Game 104 / 59-45 / 1st / +5G : Behind Ivan Nova‘s wicked sinkers and crisp breaking balls, the White Sox looked helpless at the plate while the Yankees offense teed off on Jeff Samardizja to the tune of 9 ER over 4.2 innings en route to a 12-3 win and a victorious road trip.
The win gave New York a 6-4 record for the trip, remaining undefeated in their last 8 series (7-0-1), and gaining a game in the American League East division standings (now 6 games).
Here’s the box score, full recap, and video highlights.
Yankees 12, White Sox 3
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- Jacoby Ellsbury Clocks a booming home run off Smardizja on the second pitch of the game, and the Yankees never looked back.
- Brett Gardner Overlooked in the scoring barrage (and Nova’s fine outing) was Gardy’s AB in the 4th. With 3 runs already in and a 4-0 lead, Gardner came up with Gregorius on third and Drew on second with 2 out. While the 4-0 lead was indeed satisfying over Samardizja, Gardner had a great AB, smashing a solid single to right, turning on an 86mph slider that was tailing low and outside, to plate both runners for a 6-0 lead, and the rout was on.
- Mark Teixeira Safe to day Tex is well on his way to his pre-season goal of 30 HRs and 100 RBI. The slugger hit is 29th today, a no-doubter half way up the right centerfield seats. Teixeira is only 3 behind AL Home Run leader Mike Trout (LAA), who has 32, and one behind Albert Pujols (LAA). In the RBI department, Tex is only 1 behind AL leader Josh Donaldson (TOR).
- Bottom of the Order Crazy offensive numbers from the 7-8-9 holes on the 10-game road trip. Didi Gregorius in particular was on fire, hitting at a 14-for-32 clip (.438), and knocking in 12 runs in the process.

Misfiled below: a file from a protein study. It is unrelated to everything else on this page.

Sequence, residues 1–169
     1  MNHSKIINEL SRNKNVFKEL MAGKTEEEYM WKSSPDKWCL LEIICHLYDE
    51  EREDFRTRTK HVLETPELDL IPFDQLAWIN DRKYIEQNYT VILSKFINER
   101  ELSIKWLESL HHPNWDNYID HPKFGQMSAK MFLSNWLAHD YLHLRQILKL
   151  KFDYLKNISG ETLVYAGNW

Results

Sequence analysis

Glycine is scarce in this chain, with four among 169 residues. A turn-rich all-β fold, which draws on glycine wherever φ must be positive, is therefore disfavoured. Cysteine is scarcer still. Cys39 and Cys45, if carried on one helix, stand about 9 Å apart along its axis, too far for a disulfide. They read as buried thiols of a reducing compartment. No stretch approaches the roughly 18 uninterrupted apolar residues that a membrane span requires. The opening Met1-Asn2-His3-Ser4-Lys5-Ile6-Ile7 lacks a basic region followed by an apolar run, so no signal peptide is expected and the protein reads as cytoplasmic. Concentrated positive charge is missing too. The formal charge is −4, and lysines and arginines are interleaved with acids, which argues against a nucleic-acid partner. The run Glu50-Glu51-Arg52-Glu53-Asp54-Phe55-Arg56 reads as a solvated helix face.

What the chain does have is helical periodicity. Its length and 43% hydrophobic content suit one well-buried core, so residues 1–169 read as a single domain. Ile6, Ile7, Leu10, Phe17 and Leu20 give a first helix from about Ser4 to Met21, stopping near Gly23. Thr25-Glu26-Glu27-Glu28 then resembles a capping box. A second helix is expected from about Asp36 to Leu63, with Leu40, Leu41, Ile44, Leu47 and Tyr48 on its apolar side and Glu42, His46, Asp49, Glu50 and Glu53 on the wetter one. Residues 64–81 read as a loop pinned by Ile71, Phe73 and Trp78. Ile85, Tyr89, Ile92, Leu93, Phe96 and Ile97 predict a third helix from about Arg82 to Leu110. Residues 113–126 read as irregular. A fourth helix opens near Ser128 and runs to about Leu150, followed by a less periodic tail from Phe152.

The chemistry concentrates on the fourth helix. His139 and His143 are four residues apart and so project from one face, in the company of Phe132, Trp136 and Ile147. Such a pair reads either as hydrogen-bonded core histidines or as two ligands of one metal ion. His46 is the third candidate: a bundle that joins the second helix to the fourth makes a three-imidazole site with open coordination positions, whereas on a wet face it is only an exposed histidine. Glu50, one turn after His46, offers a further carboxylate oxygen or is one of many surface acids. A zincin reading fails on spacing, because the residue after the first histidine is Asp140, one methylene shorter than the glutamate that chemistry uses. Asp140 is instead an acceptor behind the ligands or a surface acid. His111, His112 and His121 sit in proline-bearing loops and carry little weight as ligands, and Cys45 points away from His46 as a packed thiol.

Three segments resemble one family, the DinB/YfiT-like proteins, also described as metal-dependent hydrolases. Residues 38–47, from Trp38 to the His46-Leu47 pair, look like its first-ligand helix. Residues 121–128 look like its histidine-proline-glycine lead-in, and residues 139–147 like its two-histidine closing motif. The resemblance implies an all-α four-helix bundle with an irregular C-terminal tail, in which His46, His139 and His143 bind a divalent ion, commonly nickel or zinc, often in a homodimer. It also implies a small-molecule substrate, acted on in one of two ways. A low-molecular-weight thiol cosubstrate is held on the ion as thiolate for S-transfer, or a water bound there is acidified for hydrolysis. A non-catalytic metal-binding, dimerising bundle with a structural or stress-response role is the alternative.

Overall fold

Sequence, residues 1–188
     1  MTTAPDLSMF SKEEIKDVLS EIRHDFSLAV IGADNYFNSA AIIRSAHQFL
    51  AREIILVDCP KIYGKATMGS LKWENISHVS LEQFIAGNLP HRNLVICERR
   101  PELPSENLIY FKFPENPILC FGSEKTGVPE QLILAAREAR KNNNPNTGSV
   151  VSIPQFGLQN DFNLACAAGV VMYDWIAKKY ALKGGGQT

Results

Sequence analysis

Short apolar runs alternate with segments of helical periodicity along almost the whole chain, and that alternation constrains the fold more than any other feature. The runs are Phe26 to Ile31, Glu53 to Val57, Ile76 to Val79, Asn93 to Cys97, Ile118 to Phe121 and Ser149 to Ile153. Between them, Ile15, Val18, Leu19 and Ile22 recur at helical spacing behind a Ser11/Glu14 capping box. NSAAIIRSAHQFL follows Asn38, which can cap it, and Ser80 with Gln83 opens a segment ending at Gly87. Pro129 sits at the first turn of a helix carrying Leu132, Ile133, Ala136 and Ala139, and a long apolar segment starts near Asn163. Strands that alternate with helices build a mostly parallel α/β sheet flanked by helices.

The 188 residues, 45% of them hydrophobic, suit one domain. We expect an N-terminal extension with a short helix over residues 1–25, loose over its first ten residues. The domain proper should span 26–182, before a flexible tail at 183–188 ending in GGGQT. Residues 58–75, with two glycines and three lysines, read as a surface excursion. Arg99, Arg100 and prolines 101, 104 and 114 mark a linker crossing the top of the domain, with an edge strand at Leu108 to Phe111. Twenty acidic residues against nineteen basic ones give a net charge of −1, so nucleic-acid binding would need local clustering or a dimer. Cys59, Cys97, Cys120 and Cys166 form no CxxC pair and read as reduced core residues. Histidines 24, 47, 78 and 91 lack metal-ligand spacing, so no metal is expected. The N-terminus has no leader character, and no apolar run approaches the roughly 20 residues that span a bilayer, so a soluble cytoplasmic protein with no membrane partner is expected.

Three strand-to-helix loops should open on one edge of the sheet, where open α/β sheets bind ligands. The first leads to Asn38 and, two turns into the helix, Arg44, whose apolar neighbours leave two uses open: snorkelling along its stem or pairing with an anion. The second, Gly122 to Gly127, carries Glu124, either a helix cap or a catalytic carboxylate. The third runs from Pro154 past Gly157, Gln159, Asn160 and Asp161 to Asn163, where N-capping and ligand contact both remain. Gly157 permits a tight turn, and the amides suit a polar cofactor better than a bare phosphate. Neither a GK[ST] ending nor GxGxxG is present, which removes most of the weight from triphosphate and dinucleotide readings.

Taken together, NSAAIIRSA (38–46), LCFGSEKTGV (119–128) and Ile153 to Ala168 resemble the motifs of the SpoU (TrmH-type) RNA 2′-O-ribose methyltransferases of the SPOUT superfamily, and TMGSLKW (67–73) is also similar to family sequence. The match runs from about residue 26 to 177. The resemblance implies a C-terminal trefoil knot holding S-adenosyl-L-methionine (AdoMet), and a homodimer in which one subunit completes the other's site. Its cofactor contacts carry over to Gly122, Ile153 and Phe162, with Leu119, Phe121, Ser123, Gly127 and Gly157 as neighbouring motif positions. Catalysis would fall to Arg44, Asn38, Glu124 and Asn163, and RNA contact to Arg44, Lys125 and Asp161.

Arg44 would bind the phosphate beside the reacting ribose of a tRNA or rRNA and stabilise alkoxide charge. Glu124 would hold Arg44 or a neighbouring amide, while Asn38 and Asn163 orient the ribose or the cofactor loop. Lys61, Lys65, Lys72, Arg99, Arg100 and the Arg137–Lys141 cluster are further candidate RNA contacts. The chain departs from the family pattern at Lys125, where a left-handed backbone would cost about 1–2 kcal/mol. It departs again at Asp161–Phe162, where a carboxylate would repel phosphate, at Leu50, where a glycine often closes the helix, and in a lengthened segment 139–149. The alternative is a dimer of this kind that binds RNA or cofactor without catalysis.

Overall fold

“When the bottom of the order is as productive as it’s been the last week or so, it just makes our entire team better. You can score a lot of runs that way.” ‐ Mark Teixeira (h/t: ‘Bottom’s up! Trio delivers for Yankees’ by Bryan Hoch / MLB.com)
It was one of those moments in your life that when you hear news about something, you never forget where you where, and what you were doing. It’s usually incredibly sad or bad news that triggers this, and August 2, 1979 was no exception.
At work, I remember thinking the Yankees were off that day, coming off a three game sweep of the White Sox in Chicago, and having a tinge of hope that the season might finally be turning around for the club. They were 10 games over .500 at the time, but 14.5 games off the division lead in 4th place. Hey, we did it before and we were going to it again. Then came the news.
New York was always a tough place on a lot of levels, but the 1970s was an era for the books. Crime, grime and sleaze ruled the day, and that was only Times Square. The Bronx burned, the President of the United States told us to ‘Drop Dead’, Central Park was a haven for muggers and rapists, the subways weren’t safe, you name it. But by mid-decade, the Yankees started giving people hope, an emotional refuge. A small but important distraction from the day to day realities of life and the city around us.
By 1977 and ’78, the swagger was back. The place was still as gritty as ever, but pride was making a comeback. And no Yankee exhibited grit more than their captain, Thurman Munson. Although from Ohio, Munson had the ‘take no sh*t’ attitude hard-wired into most New Yorkers at birth. He wasn’t one of us, but he was one of us. And he was a New York Yankee.
Hard to grasp that it was 36 years ago today. I think about him often, as The Bronx Zoo Yankees were ‘my Yankees’ — the teams of my youth in the city of my birth. The characters, the drama, the headlines and heroics … and the memories. There will never be a time like that again, and will never be another Thurman Munson. We still miss you, #15. And respect, thoughts and prayers are with your family today.
“I’m a little too belligerent. I cuss and swear at people. I yell at umpires and maybe I’m a little to tough at home sometimes. I don’t sign as many autographs as I should and I haven’t always been that good with writers.” ‐ Thurman Munson
This is why we always have and always will love you, Thurman.